Although this is a limited run kit, provided there are no surprises in terms of fit and finish it should prove to be an improvement on earlier kits of this type. The level of detail is pretty good and it looks accurate to my eye. Overall, this is a nice kit which should build up into a pleasing model. Recommended.

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Review sample courtesy of logo.gif

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Nice review - looks Like Tarangus got the fuselage shape right too. Its a fairly sleek barrel!!

Just to take issue - the gun port fairings are all moulded separately on the main sprue - and while I see what Paul means - perhaps he is referring to their location points rather than the fairings themselves?

Scale it up Tarangus - 1/48th please.

Jonners

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I agree, I finished it yesterday and it is a great kit. I used almost no filler at all, and the decals are superb.

The review points out the lack of Austrian decals. However, that would be wrong, this is the J 29A/B version, the austrians used only J 29F, which differs a lot from this version. The rear part of the body is thicker due to a different engine with afterburner, and the J 29F had dogtooth wings.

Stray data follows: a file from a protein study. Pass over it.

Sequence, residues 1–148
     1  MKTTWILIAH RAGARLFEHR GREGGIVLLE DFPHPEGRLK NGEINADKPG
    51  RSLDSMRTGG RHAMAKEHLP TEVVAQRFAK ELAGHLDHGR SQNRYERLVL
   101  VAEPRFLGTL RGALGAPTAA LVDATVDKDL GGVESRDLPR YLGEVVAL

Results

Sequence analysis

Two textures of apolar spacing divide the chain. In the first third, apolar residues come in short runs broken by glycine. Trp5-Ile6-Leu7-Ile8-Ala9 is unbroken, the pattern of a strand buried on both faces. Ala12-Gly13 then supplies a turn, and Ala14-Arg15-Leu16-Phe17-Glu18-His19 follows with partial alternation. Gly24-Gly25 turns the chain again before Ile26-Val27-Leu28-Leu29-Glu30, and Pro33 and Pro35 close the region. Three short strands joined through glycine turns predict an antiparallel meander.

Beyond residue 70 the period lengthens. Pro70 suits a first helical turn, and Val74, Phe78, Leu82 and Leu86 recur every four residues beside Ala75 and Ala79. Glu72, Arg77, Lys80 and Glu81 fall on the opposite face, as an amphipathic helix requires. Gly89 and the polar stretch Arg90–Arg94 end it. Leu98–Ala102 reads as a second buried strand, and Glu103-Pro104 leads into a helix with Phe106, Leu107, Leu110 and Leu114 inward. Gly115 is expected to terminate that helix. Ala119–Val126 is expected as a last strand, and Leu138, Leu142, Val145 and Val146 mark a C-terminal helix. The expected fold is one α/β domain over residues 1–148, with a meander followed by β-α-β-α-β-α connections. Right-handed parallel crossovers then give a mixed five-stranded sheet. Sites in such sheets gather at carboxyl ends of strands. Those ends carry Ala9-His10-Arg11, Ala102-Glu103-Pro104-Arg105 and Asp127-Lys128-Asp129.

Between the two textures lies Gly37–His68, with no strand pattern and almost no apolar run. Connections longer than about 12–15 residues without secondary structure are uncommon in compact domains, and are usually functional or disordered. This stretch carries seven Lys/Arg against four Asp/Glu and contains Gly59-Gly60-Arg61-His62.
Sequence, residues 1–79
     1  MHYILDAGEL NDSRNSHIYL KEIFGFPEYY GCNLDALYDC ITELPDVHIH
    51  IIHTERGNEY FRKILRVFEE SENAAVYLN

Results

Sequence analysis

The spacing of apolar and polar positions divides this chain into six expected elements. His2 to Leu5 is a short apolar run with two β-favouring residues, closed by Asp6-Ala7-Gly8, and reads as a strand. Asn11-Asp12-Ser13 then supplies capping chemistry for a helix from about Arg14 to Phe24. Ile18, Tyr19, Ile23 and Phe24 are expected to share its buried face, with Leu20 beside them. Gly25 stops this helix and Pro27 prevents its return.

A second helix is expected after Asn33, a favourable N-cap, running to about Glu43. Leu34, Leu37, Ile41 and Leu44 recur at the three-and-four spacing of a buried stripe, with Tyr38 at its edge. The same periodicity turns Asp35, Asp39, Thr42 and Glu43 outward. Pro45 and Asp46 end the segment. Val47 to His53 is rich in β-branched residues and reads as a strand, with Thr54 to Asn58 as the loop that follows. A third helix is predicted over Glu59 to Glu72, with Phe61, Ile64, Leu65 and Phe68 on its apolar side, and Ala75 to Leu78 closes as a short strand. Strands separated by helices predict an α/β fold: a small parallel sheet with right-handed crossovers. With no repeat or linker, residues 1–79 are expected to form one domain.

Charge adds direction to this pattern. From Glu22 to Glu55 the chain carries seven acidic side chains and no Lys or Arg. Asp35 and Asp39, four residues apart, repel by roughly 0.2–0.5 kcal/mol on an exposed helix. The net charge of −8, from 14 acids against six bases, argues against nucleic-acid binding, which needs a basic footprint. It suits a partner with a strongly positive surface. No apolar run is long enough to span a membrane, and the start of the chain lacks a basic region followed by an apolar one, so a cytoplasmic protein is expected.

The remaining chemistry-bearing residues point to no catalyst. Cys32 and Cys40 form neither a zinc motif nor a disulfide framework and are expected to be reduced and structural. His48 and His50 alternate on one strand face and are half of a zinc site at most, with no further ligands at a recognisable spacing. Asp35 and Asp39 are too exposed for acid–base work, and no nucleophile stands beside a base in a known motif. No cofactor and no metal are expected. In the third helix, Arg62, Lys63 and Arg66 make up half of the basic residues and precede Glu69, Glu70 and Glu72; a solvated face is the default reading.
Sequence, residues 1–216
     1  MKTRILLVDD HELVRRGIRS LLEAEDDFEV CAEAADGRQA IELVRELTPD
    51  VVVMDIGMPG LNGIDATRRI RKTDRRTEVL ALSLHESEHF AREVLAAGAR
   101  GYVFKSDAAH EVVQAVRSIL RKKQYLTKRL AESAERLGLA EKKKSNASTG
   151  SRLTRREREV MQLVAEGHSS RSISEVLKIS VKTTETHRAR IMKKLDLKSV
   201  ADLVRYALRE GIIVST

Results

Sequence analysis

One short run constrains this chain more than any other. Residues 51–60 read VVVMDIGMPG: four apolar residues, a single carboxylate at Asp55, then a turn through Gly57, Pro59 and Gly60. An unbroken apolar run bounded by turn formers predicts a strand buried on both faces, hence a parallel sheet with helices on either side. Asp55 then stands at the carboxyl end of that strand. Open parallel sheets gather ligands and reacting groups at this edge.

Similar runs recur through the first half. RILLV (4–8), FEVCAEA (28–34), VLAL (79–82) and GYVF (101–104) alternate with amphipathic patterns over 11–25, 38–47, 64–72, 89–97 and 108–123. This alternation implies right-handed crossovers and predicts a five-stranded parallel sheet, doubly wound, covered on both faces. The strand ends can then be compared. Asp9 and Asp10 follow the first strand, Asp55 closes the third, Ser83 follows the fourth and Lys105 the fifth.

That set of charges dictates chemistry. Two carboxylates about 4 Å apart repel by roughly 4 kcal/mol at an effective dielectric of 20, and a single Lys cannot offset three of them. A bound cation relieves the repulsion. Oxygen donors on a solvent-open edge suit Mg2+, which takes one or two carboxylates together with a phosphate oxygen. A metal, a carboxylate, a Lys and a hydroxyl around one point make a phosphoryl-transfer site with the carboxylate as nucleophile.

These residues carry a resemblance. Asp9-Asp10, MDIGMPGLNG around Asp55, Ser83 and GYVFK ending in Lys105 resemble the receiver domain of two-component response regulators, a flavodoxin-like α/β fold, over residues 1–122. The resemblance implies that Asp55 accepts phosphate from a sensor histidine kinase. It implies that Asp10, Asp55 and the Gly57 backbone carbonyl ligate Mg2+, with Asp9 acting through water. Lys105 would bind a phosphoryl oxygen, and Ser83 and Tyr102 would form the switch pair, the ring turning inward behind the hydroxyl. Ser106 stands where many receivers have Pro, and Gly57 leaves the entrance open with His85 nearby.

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Oh dear, my lack of familiarity with this type is quite obvious, isn't it? :blush: You are, of course, both correct. I will amend the review accordingly :) Hopefully a later variant with Austrian decals will appear in due course.

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Great review Paul, and crackin' pictures :) I've already asked Fredrik and Co. at Tarangus to scale it up to 1:48, but the AZ kit has fulfilled a lot of the market, so if we want it in 1:48 we'd better make our interest known ^_^

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Tarangus timed their introduction perfectly, I just finished my Heller one. :banghead:

Great looking kit and great review though, thanks for writing it up!

Greg in OK

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Looks like a purchase is on the cards, I do love a bit of Swedish metal.